Unarguably John Steinbeck is one of the greatest 20th Century American authors. I only wish I could write dialog and create characters like he did. His stories do not build high tension, or include much action, but still, reading them is like eating a warm scone with clotted cream on a lazy Sunday morning (yes I have. And for that, and for Benny Hill, I forgive the British their somewhat irrational spelling).
Umberto Eco was a phenomenon all unto himself. Professor of Italian Medieval Philosophy and Semiotics, among a gazillion other topics. He wrote faster than I can talk (which isn’t that fast…but) and his first novel, “Name of the Rose” went best-seller/movie-deal right off the presses. Eco was a Renaissance man, a true genius of words, symbols, and ideas. For the quintessential Historical Fantasy, I can strongly recommend “Baudolino.” Never could quite get into his “Kant and the Platypus,” however. But hey…he’s the genius, not me.
What’s the strangest thing you’ve had to research for your stories?
Ho boy! Do I get into some weird stuff researching the Byzantine world. Perhaps the strangest is the “Apocalypse of Methodius” that foretells the barbarian invasion of the late Roman empire. Right up there would be, “The Travels of Sir John de Mandeville.” I have a 1915 translation that describes (among many other weird things) blemmyes, gryphons, and monopods, all found east of Eden in the land of Nod (where good Sir John claimed to have visited).
What do you hope readers take away from your stories?
A sense of wonder…isn’t that what fantasy is all about? Wonder, and perhaps a sense of joy…when the story wraps, the characters reach their goals and their destinies, and you can’t wait for the next tale to unfold.
Would you rather have a pet dragon or a unicorn, why?
What—WHAT? A dragon, really? Like in my backyard? Maybe a little one that would light the charcoal in my grill and growl at the Amazon drivers. But I’ve got a dog that does that (no, she doesn’t light the grill, but she enjoys it when I do).
Of course a unicorn would be quite decorative and would just graze gently in the yard. I’m afraid riding it would be tough. My luck, the neighbor would choose a dragon, a big one, and it would eat my unicorn. That, and it would leave huge steaming mounds of dragon poop all over the yard. Maybe I’ll take a pass on the whole deal.
If you could have any magical ability, what would it be?
I’d want the power to create magical ancient worlds and people them with fascinating characters having amazing adventures…Wait, I already do that. Never mind.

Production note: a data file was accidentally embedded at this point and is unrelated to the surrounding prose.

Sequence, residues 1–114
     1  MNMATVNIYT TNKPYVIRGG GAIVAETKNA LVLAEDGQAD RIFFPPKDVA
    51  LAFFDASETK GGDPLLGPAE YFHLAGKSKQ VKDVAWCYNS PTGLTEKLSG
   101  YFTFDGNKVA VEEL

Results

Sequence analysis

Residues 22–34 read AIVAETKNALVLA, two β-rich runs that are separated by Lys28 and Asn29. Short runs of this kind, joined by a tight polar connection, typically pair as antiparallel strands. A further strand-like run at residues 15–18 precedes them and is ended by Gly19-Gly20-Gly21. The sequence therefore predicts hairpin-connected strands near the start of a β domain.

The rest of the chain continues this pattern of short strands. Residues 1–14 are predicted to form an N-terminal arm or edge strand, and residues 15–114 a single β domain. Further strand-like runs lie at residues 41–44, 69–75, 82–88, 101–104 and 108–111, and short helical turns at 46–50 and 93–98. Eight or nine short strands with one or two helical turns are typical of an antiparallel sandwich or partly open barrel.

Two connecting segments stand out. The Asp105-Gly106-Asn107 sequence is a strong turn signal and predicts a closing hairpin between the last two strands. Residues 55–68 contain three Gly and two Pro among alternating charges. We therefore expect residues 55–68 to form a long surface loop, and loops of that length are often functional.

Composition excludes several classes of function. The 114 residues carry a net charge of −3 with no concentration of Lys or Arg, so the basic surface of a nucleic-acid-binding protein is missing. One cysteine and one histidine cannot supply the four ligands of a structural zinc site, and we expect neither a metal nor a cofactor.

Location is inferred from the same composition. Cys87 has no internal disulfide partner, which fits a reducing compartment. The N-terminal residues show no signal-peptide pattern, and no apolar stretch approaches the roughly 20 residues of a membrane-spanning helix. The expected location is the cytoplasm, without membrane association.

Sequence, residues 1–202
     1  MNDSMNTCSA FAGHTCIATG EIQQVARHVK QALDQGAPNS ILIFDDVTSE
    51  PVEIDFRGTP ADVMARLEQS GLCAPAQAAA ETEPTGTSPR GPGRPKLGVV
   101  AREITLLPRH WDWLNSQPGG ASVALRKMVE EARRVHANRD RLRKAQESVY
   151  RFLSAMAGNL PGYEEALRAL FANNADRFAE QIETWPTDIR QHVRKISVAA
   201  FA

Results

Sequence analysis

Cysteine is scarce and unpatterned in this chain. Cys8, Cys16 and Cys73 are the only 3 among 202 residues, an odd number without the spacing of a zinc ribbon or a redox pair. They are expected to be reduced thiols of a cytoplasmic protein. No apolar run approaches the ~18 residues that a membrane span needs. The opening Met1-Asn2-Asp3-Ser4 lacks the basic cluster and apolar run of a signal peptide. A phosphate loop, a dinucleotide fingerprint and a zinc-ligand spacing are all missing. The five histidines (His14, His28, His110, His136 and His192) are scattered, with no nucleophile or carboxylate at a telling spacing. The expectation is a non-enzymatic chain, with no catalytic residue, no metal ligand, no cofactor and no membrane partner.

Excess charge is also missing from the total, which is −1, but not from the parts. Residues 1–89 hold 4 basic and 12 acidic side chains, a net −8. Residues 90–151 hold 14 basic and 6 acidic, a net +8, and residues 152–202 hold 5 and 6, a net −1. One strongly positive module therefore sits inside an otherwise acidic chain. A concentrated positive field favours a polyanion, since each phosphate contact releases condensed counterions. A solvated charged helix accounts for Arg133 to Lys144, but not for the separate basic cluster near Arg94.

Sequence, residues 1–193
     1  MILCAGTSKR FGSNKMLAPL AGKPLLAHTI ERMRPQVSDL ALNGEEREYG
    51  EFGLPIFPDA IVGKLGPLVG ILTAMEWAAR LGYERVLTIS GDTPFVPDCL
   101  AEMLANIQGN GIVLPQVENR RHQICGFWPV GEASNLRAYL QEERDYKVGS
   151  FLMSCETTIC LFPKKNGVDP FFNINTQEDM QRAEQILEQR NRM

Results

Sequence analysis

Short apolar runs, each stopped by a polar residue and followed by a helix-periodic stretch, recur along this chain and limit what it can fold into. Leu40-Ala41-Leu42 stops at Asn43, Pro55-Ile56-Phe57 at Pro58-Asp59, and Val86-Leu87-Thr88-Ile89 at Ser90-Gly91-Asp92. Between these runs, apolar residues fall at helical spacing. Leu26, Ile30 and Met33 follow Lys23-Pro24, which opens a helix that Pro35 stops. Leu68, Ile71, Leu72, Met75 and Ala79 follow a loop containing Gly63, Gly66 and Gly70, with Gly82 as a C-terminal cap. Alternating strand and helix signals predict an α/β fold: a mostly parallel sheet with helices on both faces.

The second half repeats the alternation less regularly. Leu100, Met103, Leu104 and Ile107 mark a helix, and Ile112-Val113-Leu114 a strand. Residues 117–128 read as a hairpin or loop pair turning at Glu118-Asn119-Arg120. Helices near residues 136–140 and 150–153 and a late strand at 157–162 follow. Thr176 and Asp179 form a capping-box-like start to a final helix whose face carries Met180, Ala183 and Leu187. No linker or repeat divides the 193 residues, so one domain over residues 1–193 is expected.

If you were stuck on a deserted island with one of your characters, who would it be and why?
Eponia, the horse. ‘Cause I’d get hungry on a deserted island and I could always eat the horse…okay, never mind that one either.
Where is the best place to start reading your work?
The only place to start reading my Historical Fantasy is “Half Sword” on Amazon mybook.to/Half_Sword.
Let’s see… [ponders stuff to definitely leave out] I grew up on the California coast and ran away to sea when I was eighteen. Still got the Coastguard Mariners Certificate to prove it.
Since then, my rather checkered career included mining geologist, commercial fisherman, civil engineer, mess-hall cook, surveyor, and strategic planning consultant. My work has taken me to Africa, Latin America, Europe, the former Soviet Union, Middle East, India, and the Pacific Islands. These days, when I’m not writing, I enjoy hiking, tinkering, and “… simply messing about in boats.”
What inspired you to start writing in the fantasy genre?
Years ago, I started writing Science-Fiction/Fantasy because that was my primary read. It was all a pile of dreadful trash, written for my own enjoyment. Then I picked up “Name of the Rose” by Umberto Eco and found my Holy Grail, Historical Fantasy.
Not saying my stuff was happy Pulitzer ever after, or even worth reading, but I upped the action and developed my own approach to the genre. When Neil Stephenson put his Foreworld series out on Kindle Worlds, I jumped in and contributed three rather large Historical Fantasies.
Find C.B. Matson online
Amazon Author page: https://amzn.to/3qEfQ65